Stew Lilker’s

Columbia County Observer

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With COVID Cases Surging in Florida and Its Jails, Florida Association of Criminal Defense Lawyers Calls For a Return to ZOOM

Photo of FL Supreme Court with copy: Will COVID be the un-wanted problem to move Florida's courts a quantum leap forward?
Columbia County Observer Graphic

COLUMBIA COUNTY, FL – On Tuesday afternoon, Florida Association of Criminal Defense Lawyers (FACDL) President Jude Faccidomo called for all courts throughout the state “to return to virtual court for non-essential hearings.”


On Tuesday, Florida led the nation with new COVID cases, 16,038, which was the highest single-day number since January 7. This represented 20% of all new cases nationwide and was the seventh consecutive day Florida reported more than 12,000 new cases.

On June 3, 2021, Governor DeSantis shut down the state COVID dashboard to the public and began reporting COVID stats once a week.

On June 4, 2021, the Florida Supreme’s Chief Judge Charles T. Canady issued Administrative Order AOSC21-17.

The Chief Judge’s order allows the courts to open back up and operate the way they used to be before the days of masks and social distancing. While this order eliminated masks, it encouraged them.

See: Columbia County Courts and Others Getting Back to Normal, ‘Sort Of’

The Florida Department of Health’s last two weekly reports show the number of new Florida cases rising from 23,000 to 45,000, and then on Friday, July 16, to 73,000. The stats for this week are due to be released tomorrow.

Tom Moffses, the Columbia-Hamilton County Department of Health Administrator, told the Observer that Columbia County “pretty much doubled” its COVID cases between the 16th and the 23d, adding that the County has a vaccination rate of 35%.

On July 27, a press release from the Florida Supremes, Court Leadership Reviews Health Conditions, Focuses on Flexibility in Response to Changing Local Circumstances, reviewed Justice Canady's June 4, 2021, Administrative Order.

"The order encourages the continuation of remote court proceedings. Canady directs ‘each chief judge of a judicial circuit should take all necessary steps to support the remote conduct of other trial court proceedings with the use of technology in accordance with this administrative order and other applicable standards and guidance as may be adopted by the Chief Justice or supreme court.’”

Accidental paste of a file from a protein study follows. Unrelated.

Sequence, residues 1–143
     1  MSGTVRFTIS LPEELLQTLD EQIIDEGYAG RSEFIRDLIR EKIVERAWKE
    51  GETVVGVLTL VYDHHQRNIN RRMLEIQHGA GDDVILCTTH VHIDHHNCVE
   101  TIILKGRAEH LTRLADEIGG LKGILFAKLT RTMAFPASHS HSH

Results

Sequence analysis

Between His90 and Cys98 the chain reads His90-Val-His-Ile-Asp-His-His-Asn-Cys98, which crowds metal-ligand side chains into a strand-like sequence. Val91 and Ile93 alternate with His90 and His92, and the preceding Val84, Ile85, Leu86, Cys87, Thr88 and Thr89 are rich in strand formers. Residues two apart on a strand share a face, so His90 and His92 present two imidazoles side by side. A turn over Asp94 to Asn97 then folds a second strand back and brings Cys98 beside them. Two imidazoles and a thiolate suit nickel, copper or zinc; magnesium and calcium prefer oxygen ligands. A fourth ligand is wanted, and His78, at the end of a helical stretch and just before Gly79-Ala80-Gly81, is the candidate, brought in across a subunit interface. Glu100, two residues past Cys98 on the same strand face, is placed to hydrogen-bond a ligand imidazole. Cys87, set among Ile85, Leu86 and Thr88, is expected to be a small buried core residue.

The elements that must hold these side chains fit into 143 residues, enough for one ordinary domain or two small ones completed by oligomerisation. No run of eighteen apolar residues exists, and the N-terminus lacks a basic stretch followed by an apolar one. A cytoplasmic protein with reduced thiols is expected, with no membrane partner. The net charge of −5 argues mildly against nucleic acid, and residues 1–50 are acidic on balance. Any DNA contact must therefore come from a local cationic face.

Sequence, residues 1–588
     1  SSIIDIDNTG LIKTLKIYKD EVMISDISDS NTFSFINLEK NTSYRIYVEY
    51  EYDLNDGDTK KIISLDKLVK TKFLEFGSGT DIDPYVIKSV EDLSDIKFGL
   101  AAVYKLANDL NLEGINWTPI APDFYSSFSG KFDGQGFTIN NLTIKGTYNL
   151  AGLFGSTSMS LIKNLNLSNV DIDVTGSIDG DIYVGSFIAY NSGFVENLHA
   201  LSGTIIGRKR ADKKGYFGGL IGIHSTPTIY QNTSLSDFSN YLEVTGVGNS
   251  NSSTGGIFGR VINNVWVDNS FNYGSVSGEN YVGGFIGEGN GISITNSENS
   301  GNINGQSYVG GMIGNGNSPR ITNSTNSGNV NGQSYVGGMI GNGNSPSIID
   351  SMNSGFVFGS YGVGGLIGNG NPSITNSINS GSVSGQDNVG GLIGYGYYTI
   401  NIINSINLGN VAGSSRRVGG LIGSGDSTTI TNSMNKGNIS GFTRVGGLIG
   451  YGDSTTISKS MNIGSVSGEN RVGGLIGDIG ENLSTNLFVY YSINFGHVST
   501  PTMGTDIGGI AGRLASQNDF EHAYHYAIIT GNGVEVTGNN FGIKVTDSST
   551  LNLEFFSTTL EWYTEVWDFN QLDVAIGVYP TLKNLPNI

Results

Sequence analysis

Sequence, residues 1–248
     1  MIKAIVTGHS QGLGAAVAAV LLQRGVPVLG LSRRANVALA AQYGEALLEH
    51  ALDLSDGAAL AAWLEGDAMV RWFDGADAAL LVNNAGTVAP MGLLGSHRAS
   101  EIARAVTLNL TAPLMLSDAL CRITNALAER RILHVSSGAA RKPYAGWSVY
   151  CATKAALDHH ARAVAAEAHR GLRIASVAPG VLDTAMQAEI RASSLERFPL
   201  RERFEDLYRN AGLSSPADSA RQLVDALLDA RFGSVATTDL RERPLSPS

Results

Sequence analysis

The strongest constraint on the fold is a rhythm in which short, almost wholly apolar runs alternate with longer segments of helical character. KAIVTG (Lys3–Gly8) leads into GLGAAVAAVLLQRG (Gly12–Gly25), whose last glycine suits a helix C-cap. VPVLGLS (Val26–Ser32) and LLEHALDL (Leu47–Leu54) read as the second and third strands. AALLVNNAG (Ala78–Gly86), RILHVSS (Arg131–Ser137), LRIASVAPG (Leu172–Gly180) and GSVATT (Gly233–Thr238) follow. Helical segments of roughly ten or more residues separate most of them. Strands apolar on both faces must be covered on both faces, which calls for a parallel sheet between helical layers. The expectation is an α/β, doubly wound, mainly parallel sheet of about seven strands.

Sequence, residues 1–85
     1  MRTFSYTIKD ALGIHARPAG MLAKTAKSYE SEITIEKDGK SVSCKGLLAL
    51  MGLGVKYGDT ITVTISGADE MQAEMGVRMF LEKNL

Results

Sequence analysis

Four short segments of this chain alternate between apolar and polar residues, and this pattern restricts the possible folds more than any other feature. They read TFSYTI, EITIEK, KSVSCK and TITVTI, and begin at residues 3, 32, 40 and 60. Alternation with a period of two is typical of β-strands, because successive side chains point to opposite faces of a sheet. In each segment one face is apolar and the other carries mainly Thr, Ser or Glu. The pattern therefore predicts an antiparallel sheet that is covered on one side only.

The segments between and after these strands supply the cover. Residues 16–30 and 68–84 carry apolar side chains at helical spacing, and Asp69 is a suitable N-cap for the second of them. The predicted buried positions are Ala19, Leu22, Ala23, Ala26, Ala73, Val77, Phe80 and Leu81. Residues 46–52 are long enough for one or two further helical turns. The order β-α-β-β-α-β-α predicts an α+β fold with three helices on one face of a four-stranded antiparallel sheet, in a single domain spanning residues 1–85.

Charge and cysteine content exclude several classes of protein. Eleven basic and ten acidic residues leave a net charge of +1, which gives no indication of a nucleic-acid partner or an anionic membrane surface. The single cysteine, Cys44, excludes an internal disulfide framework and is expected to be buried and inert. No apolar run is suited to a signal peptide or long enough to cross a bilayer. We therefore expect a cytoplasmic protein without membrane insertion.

Florida Association of Criminal Defense Lawyers Weighs In
"It's about due process and more"

Jude Faccidomo, President, Florida Associattion of Criminal Defense LawyersOn July 27, FACDL President Jude Faccidomo said in a press release, “We are extremely concerned about the uptick in positive coronavirus cases throughout the State. FACDL is concerned that if proactive steps are not taken now, more severe measures will be required in the future and will result in further significant adverse due process implications.”

Mr. Faccidomo told your reporter, “We have a strong position on this. Even before we had this surge, and before that was part of the consideration, our position was there was a lot of value in these remote [ZOOM] hearings (status conferences, motion for change of address, or motions to produce discovery). These are things that can be handled very easily and efficiently remotely, without eating up a lot of judicial resources, which saves time, attorney resources, and money.”

Mr. Faccidomo continued, “It's a mental health issue, too, to a certain degree. You're running around; you're spending hours of your day commuting  and going from one courthouse to another courthouse, standing in line, and appearing in court, when the actual substance and practice of what is being done is five minutes."

Mr. Faccidomo explained the cost of all this 'extra' non-productive time in court-appointed cases.

“You have attorneys that bill the JAC (Judicial Administration Commission). Instead of billing the state for two hours of my time, I could be billing them for .5 hours. There are just so many commonsense reasons for it [ZOOM] to work -- and now there is a safety reason for it,” he said.

Mr. Faccidomo continued, “Corrections doesn't have to transport people from the jails -- it's a safety issue. We are encouraging each respective circuit to embrace these remote appearances.”

Your reporter asked, “Have you folks done any survey, or do you have a sense of who is continuing to do virtual pretrial proceedings?”

Mr. Faccidomo answered, “It's a little scattered throughout the circuits. My first act as president was to create a post-COVID zoom committee. Its first task is to compile, from each of the circuits, what they are doing, what is working, what they think should be implemented. Once we have that compiled into a usable piece of data, then we can try and create some uniformity.”

Third Circuit Court Administrator, Charles Hydovitz

Third Circuit Court Administrator, Charles HydovitzYour reporter spoke with Charles Hydovitz, the Third Circuit Court Administrator, about the June 24 Supreme Court Administrative Order and judges' authority in their courtrooms.

He said, “The administrative order gives each judge the latitude to decide what he or she wants to do in their own courtroom."

Mr. Hydovitz added, “Judges have always had that latitude. The judges are in charge of their court proceedings."


Earlier today, your reporter heard from FACDL President Faccidomo.

He said, “If my 75-year-old mother can figure out how to use ZOOM, I would hope that Florida courts across the State could do the same for both safety and efficiency."

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